Fate of Carbamazepine during Water Treatment

T. Kosjek, Henrik Rasmus Andersen, Boris Kompare, Anna Ledin, E. Heath

Research output: Contribution to journalJournal articleResearchpeer-review


Seven transformation products of carbamazepine generated by at least one of three common water treatment technologies (W-radiation, oxidation with chlorine dioxide (ClO2), and biological treatment with activated Sludge) were identified by complementary use of ion trap, single quadrupole, and quadrupole-time-of-flight mass spectrometers. Acridine was formed during all of the three treatment processes, while acridine 9-carbaldehyde was identified as an intermediate during ClO2 oxidation. Further treatment of acridine with ClO2 produced 9-hydroxy-acridine, UV-treatment resulted in the formation of acridone, hydroxy-(9H,10H)-acridine-9-carbaldehyde, acridone-N-carbaldehyde, and 1-(2-benzaldehyde)-(1H,3H-quinazoline-2,4-dione, while biological breakdown of acridine yielded acridone. In parallel, the transformation product iminostilbene was observed during sample analysis. In addition,this study compared the treatment technologies according to the removal of carbamazepine and the production and decay of its transformation products. The most successful method for the removal of carbamazepine was UV treatment, while acridine and acridone were more susceptible to biological treatment. Therefore, based on the enhanced biodegradability of carbamazepine residues achieved by UV irradiation, we propose a coupled treatment technology involving an initial UV treatment step followed by biological treatment, which may satisfactorily remove the parent compound and its transformation products.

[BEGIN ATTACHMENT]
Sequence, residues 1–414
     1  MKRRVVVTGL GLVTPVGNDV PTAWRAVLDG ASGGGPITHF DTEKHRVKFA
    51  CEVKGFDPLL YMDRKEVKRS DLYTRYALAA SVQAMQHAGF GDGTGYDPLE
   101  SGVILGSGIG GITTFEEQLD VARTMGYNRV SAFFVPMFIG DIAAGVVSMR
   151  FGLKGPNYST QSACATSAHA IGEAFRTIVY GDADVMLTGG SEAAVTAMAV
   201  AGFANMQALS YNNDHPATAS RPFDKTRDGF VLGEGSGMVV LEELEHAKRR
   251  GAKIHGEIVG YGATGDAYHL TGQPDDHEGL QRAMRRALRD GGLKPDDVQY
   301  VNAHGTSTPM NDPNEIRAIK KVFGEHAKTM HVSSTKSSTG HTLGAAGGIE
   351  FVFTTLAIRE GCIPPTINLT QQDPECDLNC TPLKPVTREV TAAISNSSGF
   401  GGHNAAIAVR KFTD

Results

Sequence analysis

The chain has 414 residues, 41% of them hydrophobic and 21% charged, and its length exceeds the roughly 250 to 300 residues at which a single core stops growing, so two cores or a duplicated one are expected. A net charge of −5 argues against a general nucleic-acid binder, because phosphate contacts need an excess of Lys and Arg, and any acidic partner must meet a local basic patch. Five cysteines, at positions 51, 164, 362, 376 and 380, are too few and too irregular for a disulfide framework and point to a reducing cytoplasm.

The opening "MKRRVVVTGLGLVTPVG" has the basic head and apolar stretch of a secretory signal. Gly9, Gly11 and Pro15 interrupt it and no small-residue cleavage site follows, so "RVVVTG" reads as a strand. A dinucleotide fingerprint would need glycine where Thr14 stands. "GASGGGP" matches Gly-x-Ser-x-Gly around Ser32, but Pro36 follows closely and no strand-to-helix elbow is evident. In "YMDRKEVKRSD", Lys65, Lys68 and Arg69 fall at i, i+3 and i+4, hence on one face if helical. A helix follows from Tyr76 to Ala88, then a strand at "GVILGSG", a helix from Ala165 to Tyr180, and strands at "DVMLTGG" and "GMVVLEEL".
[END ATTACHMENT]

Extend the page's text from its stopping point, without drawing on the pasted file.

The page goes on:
Original languageEnglish
JournalEnvironmental Science & Technology (Washington)
Issue number16
Pages (from-to)6256-6261
Publication statusPublished - 2009


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